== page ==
Cooking certain dishes, like roast pork,
reminds me of my mother.

Maya Angelou

Modern pig farming has given the lowly hog a bad wrap. Raised to be leaner and healthier, most supermarket pork cuts in the U.S. are engineered tasteless and rubbery textured pieces of meat. However, if you choose the cut carefully, and cook it to just barely pink, pork can be elegant enough to serve at a dinner party. The rib roast provides a thick layer of fat that helps maintain juicy flesh. To boot, it makes for an impressive dinner centerpiece looking almost too pretty to slice. There is no comparison to eating the pork from pigs raised in pasture, where they are free to root and wallow, and forage, and industrially-farmed  not really worth eating pork. Small producers are more likely to raise their pigs humanely with plenty of access to the great outdoors. Factory-farmed pig are often raised on cement -floored barns and produce a bland, pale meat. Do a bit of research, ask a local farmer questions about his or her pig raising philosophy. Chances are, the small producers are in harmony with the environment and treat their animals with respect rather than as a commodity traded for the sole purpose of increasing bank.

cuisine American
difficulty Simple
season Fall
serves 6 to 8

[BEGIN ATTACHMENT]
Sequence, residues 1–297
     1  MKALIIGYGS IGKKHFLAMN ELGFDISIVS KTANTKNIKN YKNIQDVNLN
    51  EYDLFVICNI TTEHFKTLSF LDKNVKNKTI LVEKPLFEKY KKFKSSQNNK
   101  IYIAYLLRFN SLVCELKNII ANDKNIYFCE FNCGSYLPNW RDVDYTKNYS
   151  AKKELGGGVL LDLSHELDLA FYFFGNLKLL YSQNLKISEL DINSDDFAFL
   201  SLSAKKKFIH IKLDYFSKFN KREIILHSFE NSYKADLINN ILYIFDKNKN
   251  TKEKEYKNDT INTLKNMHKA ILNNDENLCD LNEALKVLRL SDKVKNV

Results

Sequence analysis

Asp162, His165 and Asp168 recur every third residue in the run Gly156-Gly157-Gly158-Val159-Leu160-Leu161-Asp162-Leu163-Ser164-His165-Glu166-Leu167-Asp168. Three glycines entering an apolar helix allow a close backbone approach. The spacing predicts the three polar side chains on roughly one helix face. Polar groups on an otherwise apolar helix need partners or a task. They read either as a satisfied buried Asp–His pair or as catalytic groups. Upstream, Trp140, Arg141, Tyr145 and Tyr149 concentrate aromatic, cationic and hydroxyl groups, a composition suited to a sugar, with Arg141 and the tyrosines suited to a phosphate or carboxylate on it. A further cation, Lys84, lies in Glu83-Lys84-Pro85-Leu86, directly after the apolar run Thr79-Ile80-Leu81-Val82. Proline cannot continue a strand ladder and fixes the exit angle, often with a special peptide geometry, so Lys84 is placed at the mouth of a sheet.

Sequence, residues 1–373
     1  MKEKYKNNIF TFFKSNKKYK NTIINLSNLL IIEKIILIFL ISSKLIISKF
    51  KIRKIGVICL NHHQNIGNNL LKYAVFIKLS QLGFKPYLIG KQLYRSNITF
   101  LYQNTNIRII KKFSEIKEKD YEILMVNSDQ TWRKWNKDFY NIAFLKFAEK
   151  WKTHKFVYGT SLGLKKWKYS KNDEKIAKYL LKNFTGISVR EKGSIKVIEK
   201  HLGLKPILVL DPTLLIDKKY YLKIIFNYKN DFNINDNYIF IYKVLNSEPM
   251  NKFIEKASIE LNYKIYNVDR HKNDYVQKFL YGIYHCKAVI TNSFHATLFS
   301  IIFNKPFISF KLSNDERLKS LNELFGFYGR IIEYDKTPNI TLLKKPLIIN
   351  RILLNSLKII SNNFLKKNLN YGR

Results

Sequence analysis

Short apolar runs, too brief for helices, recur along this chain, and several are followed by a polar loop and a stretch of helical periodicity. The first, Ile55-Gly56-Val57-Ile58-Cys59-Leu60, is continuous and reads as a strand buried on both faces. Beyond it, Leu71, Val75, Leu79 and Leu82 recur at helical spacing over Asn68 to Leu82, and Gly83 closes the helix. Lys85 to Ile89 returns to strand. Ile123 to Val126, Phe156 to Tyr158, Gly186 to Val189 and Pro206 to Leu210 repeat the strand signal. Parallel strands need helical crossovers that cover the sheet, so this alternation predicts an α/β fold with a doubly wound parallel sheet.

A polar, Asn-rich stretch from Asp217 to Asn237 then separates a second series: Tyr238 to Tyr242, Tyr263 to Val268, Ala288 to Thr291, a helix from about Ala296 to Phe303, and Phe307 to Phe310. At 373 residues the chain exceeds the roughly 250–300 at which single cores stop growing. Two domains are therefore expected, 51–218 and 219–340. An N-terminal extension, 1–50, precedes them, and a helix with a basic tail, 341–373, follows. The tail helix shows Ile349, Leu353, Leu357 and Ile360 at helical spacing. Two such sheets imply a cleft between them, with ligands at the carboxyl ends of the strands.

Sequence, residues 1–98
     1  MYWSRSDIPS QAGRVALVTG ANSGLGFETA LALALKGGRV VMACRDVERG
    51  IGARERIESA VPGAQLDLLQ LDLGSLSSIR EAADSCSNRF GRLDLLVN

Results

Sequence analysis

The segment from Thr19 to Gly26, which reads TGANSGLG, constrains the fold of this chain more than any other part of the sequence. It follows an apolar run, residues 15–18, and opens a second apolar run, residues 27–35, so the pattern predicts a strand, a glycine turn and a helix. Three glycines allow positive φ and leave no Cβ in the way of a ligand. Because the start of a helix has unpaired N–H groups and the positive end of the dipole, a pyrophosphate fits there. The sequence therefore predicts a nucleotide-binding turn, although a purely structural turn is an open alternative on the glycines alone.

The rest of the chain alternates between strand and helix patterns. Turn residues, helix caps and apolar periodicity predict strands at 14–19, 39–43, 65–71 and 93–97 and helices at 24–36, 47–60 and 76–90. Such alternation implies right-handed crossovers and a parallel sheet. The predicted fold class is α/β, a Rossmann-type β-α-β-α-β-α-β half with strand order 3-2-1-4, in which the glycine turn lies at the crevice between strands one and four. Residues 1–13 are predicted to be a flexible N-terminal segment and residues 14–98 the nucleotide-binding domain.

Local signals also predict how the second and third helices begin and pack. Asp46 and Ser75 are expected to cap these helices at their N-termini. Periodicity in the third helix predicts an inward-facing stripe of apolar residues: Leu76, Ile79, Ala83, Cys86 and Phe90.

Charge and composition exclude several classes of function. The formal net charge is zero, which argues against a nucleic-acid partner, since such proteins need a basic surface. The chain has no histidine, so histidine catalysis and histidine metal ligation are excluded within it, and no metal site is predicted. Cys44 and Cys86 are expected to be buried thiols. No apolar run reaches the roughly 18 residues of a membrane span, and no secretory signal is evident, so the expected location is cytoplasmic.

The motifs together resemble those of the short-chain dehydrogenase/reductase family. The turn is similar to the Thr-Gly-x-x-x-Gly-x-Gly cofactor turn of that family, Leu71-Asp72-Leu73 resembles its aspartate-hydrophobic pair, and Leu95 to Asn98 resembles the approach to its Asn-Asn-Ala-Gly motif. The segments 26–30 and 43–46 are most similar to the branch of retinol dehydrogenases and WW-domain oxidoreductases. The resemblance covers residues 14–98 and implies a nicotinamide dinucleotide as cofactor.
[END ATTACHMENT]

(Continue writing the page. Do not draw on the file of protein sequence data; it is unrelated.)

• 1 six to eight bone pork rib roast
  • 2 tablespoons chopped rosemary
  • 2 teaspoons salt
  • 1 teaspoon freshly ground pepper
  • 1 tablespoon safflower oil
  • 1 whole head of garlic
  • 4 Granny Smith apples
  • 2 tablespoons unsalted butter
  • Maldon Sea Salt flakes


  1. Preheat oven to 450 degrees F.
  2. Trim pork rib roast so only a very thin layer of fat remains.
  3. Mix rosemary, salt, and pepper together and rub on both sides of roast. Heat oil in a cast iron skillet over high heat. Add pork, lean side down first, and brown for 5 minutes or until golden crust appears. Turn over and repeat.
  4. Toss garlic cloves in olive oil and pile under pork. Place skillet in oven for 20 minutes.
  5. Lower heat to 350 degrees F and cook for 40 minutes (or until instant thermometer reads 135 degrees). Remove from oven and put foil tent over top. Temperature will rise to 140 degrees.
  6. Meanwhile, cut the apples in half, take out the core and seeds but leave the skin. Slice apples into 1/2 inch wedges.
  7. Melt the butter in a small skillet over medium heat and add the apples.
  8. Stir and flip the apples occasionally and cook until tender but not falling apart.
  9. When the apples are cooked, remove from heat and sprinkle with Maldon Sea Salt flakes.
  10. Slice one rib per person and serve with pan juices, roasted garlic and apples.